Skate or lie

T-POST® #180

The skater-boy-aesthetic have always been a sure short cut to swag. And with the 90’s skate-kids all grown up, seeing a 40-something CEO in vans, Dickie’s and a Stüssy-tee wouldn’t even give you pause. It’s gone from dangerous subculture to middle-age-hip. T-post writer Jonas Pekkari looks back at a lifetime of being a shameless poser and his favorite stolen style-persona: The Skater.
  • T-Post t-shirt issue 180
  • T-Post t-shirt issue 180
  • T-Post t-shirt issue 180
  • T-Post t-shirt issue 180

 

Yeah, I’ll admit it: I’m a fu*#!ng poser. I’m not sure exactly when it started, but I do know by middle school I was already well versed in the art of faking it, skillfully transforming from a comic-book-arts-nerd to a soccer-sports-jock or a guitar-playing-rocker depending on the geographical and social context I was in at any given moment. My parents divorce meant changing schools and suddenly being part of both a new and very different clique on weekdays, while keeping my old friends on the weekends. And while the general attitude at my old school towards artsy kids was very much accepting – I’d dare say encouraging – I learned very quickly that even hinting at any interest in writing, painting,

  • T-Post t-shirt issue 180
  • T-Post t-shirt issue 180
  • T-Post t-shirt issue 180
  • T-Post t-shirt issue 180

Actual skateboarding takes time and commitment. It’s hours and hours of painstaking practice, bloody gushes, and broken bones.

or creating music at my new school was a one-way ticket to Bullyville. It was a sign of weakness and could quickly place you in the general category of being “gay” (as in being a pussy), which translated into getting mercilessly picked on in every conceivable situation. Once in that fold you just could not get out. Climbing the social ladder was theoretically possible but only accessible for the kids already

in the circle – once out, you’re never in. I swore to never end up on the outside, I’d do whatever it took to be accepted.

But there was one group in the social mine field we called “the public school system” that always held carte blanche. No matter the context they seemed untouchable – feared and respected by jocks, gangster-wannabes, and outcasts alike: The Skaters. Perhaps it was the air of unpredictability, the lack of fear and constant display of new cool scars that did it – they just seemed elevated. They all had a natural swag that transcended class, age, and ethnicity. Being the cultural chameleon/leech I was, I took notes.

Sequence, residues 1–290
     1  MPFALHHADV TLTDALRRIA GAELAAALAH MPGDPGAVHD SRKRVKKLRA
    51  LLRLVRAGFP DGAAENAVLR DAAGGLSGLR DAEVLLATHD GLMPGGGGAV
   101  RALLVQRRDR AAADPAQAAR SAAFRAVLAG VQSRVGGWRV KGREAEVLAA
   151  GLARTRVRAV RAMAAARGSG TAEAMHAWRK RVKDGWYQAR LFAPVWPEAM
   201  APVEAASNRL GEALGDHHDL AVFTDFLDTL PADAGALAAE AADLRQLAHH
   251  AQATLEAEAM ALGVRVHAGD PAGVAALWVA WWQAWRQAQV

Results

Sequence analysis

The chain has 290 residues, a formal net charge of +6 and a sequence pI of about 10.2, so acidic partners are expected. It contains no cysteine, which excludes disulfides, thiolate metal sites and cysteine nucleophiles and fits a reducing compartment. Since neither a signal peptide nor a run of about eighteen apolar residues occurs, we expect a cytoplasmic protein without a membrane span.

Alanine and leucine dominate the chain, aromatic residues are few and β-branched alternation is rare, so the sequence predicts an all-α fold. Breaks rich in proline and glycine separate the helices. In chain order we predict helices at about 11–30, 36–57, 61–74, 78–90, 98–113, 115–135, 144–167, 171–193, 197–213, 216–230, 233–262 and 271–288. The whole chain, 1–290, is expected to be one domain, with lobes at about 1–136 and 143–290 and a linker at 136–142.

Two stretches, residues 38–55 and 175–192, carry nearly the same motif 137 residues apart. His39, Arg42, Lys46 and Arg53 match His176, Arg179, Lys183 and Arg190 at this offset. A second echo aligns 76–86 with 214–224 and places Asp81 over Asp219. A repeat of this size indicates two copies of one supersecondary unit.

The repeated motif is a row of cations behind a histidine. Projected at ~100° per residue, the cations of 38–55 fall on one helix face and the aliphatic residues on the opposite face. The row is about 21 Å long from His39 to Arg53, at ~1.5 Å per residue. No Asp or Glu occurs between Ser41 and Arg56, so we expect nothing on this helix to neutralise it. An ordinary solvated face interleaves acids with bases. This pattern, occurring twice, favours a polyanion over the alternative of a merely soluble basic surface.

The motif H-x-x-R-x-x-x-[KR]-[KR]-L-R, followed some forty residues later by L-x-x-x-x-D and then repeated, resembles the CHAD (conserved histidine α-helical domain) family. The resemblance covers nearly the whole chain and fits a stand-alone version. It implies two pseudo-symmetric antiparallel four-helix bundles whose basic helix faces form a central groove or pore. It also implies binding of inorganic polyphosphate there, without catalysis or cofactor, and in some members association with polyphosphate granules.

Fully throwing myself into the skateboarding lifestyle wasn’t really an option though. Actual skateboarding takes time and commitment. It’s hours and hours of painstaking practice, bloody gushes, and broken

bones. Being I had neither the stamina, ability to focus nor pain-threshold to put in the work to become good at anything, I figured I’d just “borrow” a little swag from the skate-community – after all they had an abundance of it. I quickly traded myself a pair of worn in DC-shoes, invested one month’s worth of allowance in a Stüssy tee, swiped a pair of baggy chinos from my dad’s closet and was good to go. The perfect 90’s skater look. Most of the inspiration from the 1995 film classic “Kids”, portraying a bunch of hedonistic teens skating, smoking and fucking their way through New York. The looked awesome.

Back then cultural appropriation wasn’t really a thing. By that I mean the “CA”-term was not known, we were certainly stealing music, art, fashion and anything expressive we could find from all and any ethnic community and subculture available – but it was just called being a “poser”. This could however get you in trouble. You wouldn’t get cancelled (the absence of social media or even internet meant there really wasn’t anywhere to be cancelled from), but if the wrong people caught you in stolen street-valor you could get publicly humiliated or even catch a beating. I would know. Throughout the years I’ve dabbled as a punk-rocker, a jock, a moody grunge-kid, hard rocker, preppy polo-guy, brit pop-dude, wannabe-gangster, meat-eating had core vegan, fashionista, lumberjack-chic, hip-hopper, and hipster. And yes, I have been rightfully called out for it more than once. But somehow, I always got away with the skater-look, as long as no one saw me on an actual skateboard.

Still to this day I steal a lot of my aesthetics from the classic skater style, and I’ll even catch myself talking nostalgically about my youth as a skater. I’ve lied for so long about it; I’m starting to believe it, and it’s a lot easier being a former skater then it was posing as an active one. Thankfully for the likes of me – the doors between subcultures have been kicked in and everybody’s stealing from everyone at this point. This is true for music, film, and fashion, just take what you like and make it yours.